Will I Ever Be Able to Stop Using Oxygen Therapy?

You've been prescribed the use of oxygen therapy because you have a low amount of oxygen in your bloodstream. You now have to use oxygen for a part of the day, overnight or constantly, and understandably you might feel restricted. Even if you only require oxygen therapy while you are being physically active, you might be missing the days when you didn't need it at all.

The use of an oxygen concentrator or other oxygen device can make you feel restrained or feel like some of your freedom has been taken away. It's normal to feel like this, but you can begin to look at oxygen therapy as a second chance at becoming healthy.

When we can't get enough oxygen through our lungs and into the rest of our bodies, the body suffers a great deal. Over time, you can develop heart failure because your heart has been overworking itself to disperse enough oxygen-rich blood. Your brain can become damaged, and even a little bit of brain damage due to inadequate oxygen can have a traumatizing impact on your body as well as the way you think. If you think about it, life would be a lot harder if you weren't using oxygen therapy now that you need it.

Depending on the severity of your chronic condition, you may or may not be able to stop using oxygen therapy. If you have severe COPD resulting in hypoxemia (lack of sufficient oxygen in your blood), you may need to use oxygen therapy for the rest of your life. Nothing is impossible, however, it's just important that you don't try to jump the gun and stop using your oxygen, or taper off the use of it. You should talk to your doctor first if you believe you can change how much oxygen you need.

Educate yourself with our Free Oxygen Therapy Guide

There are some things you can do to help you improve your lung function, if you hope to ever need less or no supplemental oxygen. Eat foods that are known to improve lung function, such as tomatoes, mushrooms and anything that contains high levels of omega-3 fats and antioxidants. You should get as much of these foods as you can in your diet. Drink plenty of water and avoid foods that contain trans fats. Drinking alcohol will take your lung function down further if you drink more than the daily recommended amount.

Exercise, as well as pulmonary therapy can help improve the lung function in people with COPD and other breathing problems. Before you begin any exercise program, talk to your doctor. He or she will be able to help you decide on an exercise program that won't overexert you, but will improve your lung function over time.

Of course, if you smoke you will need to quit if you ever want to stop using oxygen therapy. Even if you have been diagnosed with COPD, you can stop the progression of the disease if you quit smoking. Despite your reason for needing oxygen therapy, smoking will only increase your need for it because of the negative effects it has on your lungs, as well as the rest of your body.

There are also the risky and expensive options of lung surgery or lung transplants. If you are patient, have the means and are willing to take the risks to eventually taper off of the oxygen, these are options. As you heal from a procedure like this, you will still require oxygen therapy, but you might need less and less as time goes on.

At any rate, it will take a considerable amount of time and effort on your part if you'd like to someday be healthy enough to not need oxygen therapy.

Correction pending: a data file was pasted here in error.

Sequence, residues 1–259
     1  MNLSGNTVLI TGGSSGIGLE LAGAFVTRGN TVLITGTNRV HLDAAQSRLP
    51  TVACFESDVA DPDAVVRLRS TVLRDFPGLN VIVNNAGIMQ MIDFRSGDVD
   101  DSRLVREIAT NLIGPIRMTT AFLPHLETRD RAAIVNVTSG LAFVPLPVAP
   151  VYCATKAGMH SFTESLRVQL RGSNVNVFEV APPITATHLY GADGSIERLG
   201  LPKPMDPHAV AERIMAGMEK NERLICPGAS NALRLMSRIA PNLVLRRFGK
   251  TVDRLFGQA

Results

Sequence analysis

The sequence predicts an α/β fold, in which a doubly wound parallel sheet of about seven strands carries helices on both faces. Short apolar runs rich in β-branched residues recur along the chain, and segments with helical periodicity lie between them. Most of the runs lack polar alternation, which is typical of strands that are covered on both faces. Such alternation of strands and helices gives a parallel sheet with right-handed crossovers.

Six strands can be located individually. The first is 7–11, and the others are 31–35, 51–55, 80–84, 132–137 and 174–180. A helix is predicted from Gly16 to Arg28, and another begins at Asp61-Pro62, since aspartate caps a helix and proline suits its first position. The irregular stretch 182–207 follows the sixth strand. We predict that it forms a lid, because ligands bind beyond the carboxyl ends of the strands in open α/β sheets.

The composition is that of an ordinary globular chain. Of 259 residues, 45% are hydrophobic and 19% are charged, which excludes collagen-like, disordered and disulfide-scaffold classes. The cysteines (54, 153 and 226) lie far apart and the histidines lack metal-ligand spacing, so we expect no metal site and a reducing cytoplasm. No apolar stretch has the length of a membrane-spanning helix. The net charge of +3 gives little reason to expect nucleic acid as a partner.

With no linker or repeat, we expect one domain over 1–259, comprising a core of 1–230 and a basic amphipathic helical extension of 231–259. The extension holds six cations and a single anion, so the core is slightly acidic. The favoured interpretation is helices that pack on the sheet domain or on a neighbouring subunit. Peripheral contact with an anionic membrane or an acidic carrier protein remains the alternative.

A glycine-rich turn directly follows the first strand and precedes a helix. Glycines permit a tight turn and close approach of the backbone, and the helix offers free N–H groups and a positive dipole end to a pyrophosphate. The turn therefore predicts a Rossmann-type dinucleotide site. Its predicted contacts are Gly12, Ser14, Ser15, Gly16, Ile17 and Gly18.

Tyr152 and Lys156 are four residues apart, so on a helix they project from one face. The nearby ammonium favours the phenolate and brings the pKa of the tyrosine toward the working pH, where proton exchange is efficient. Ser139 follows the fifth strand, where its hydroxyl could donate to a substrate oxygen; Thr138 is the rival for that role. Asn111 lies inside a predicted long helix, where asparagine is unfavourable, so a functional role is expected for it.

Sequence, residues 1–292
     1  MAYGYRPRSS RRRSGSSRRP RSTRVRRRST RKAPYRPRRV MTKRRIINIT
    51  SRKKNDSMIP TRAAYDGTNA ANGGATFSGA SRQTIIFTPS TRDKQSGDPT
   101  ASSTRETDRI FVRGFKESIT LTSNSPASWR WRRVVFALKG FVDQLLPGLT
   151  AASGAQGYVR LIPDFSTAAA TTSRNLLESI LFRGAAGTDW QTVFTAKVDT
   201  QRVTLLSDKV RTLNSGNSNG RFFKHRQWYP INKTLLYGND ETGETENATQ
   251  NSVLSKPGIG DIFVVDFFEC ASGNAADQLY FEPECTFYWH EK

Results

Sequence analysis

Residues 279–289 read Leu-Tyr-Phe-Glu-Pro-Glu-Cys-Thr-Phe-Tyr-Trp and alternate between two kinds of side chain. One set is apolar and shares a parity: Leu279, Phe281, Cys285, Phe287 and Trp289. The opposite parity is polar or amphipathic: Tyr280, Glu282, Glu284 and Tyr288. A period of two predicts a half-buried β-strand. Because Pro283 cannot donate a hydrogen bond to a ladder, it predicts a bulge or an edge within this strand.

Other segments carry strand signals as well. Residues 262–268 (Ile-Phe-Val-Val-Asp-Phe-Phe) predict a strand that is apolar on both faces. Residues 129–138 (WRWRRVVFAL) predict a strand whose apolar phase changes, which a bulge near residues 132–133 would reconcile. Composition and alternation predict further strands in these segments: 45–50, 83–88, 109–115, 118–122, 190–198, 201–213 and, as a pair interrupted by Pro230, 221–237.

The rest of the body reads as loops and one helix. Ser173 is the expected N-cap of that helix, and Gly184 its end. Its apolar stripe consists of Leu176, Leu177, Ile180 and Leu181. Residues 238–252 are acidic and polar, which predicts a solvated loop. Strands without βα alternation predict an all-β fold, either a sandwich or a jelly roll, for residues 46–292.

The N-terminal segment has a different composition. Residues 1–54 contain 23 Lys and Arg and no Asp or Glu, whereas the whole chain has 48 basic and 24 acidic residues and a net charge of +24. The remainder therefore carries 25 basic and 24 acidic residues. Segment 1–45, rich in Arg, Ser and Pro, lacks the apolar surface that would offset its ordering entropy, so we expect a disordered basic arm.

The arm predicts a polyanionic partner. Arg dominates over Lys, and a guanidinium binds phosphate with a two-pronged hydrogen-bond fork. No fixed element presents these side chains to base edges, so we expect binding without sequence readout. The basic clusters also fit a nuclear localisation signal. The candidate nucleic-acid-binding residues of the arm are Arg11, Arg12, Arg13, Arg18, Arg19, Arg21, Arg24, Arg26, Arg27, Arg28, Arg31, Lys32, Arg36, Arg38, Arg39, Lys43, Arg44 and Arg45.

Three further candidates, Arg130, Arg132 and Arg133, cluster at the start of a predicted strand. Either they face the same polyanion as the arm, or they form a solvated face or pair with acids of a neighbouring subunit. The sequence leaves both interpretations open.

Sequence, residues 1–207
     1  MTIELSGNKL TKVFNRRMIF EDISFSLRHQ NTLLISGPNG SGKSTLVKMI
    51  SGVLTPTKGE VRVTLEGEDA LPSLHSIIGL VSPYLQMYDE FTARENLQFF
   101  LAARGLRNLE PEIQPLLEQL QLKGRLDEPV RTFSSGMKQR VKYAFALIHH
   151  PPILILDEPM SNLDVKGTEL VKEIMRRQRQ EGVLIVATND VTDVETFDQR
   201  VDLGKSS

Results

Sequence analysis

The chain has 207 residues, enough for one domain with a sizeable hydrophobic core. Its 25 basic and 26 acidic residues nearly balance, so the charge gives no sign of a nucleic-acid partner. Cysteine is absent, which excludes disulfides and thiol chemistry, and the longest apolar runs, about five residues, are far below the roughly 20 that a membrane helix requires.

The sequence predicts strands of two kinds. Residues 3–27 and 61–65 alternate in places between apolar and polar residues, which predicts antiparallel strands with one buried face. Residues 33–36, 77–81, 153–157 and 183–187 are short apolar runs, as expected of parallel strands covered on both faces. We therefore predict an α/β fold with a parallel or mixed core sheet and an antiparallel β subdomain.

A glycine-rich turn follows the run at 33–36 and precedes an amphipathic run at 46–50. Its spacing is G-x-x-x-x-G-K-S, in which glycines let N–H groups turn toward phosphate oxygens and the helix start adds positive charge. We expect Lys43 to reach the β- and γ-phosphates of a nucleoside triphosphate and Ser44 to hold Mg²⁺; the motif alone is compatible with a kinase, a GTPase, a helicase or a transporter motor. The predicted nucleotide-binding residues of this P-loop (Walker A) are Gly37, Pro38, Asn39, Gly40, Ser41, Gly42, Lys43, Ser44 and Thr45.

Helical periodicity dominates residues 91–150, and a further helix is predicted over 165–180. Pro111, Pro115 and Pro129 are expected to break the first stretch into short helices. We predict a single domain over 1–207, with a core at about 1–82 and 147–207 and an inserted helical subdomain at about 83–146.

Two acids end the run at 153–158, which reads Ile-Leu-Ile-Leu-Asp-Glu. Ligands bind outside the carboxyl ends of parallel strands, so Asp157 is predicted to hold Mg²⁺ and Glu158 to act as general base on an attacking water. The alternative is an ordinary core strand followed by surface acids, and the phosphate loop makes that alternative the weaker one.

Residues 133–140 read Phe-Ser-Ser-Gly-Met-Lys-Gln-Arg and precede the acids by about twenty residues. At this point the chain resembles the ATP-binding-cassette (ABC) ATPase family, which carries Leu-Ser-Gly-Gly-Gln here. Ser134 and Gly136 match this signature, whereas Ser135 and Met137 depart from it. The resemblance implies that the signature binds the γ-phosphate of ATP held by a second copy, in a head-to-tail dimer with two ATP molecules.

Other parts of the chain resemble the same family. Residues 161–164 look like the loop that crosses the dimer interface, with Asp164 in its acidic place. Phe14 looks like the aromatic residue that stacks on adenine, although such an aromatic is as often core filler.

19 thoughts on “Will I Ever Be Able to Stop Using Oxygen Therapy?”

  • Laurent

    I have copd and was put on supplemental oxygen recently because my o2 sat was 86. My doctor did say that with enough exercise I might be able to reach a saturation of 95. So there's hope.

    Reply
  • patricia ross

    I had one lung remove and my other one isn't much better I have copd and fibroses will I ever get better sometime my oxygen will go down to 67 and 68

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    • Danielle Jason

      Thank you for your comment, Patricia. If you are experiencing low oxygen readings we suggest contacting your physician immediately. Your physician will also be able to discuss treatment options for your individual situation and condition.

      Reply
  • Marcia Talbot

    I have fibrosis of the lungs and on oxygen 24/7 I was on 2 liters continuous. Just a weak ago Friday gone I saw my pulmonary doctor (October 24) and he has taken me down to 2 liters conserve for when sitting stil but 4 liters continuous for when I am excerting myself. On the 2 liters conserve my head feels heavy and headache could this be because my body is trying to adjust to the new prescription. Do you have a support group where we can go to ask any questions That we may have?

    Reply
    • Danielle Jason

      That's a wonderful question, Marcia. Have you discussed theses noticeable changes with your doctor? If not, we absolutely suggest contacting your doctor as soon as possible to discuss your symptoms with them. Your doctor will have the insight into your condition and medical needs and be able to asses if this is "normal" for your situation.

      Reply
  • Eugene bejma

    I am on oxygen 24/7 my stats are 95 to 97 so why would it feel as though i am out of breath? I thank- you for all of the info shared it can be very insightful. Thank- you.

    Reply
    • Danielle Jason

      Thank you for your comment, Eugene. That is a question you will want to inquire with your doctor regarding. Your doctor will have the most up-to-date information regarding your individual medical condition and needs.

      Reply
  • Tammy Conner

    I have copd chronic bronchtis pretty severe.I just stop smoking completely about 3 days ago. I am on oxygen.Will I see an improvement on my breathing and being able to cough up mucus?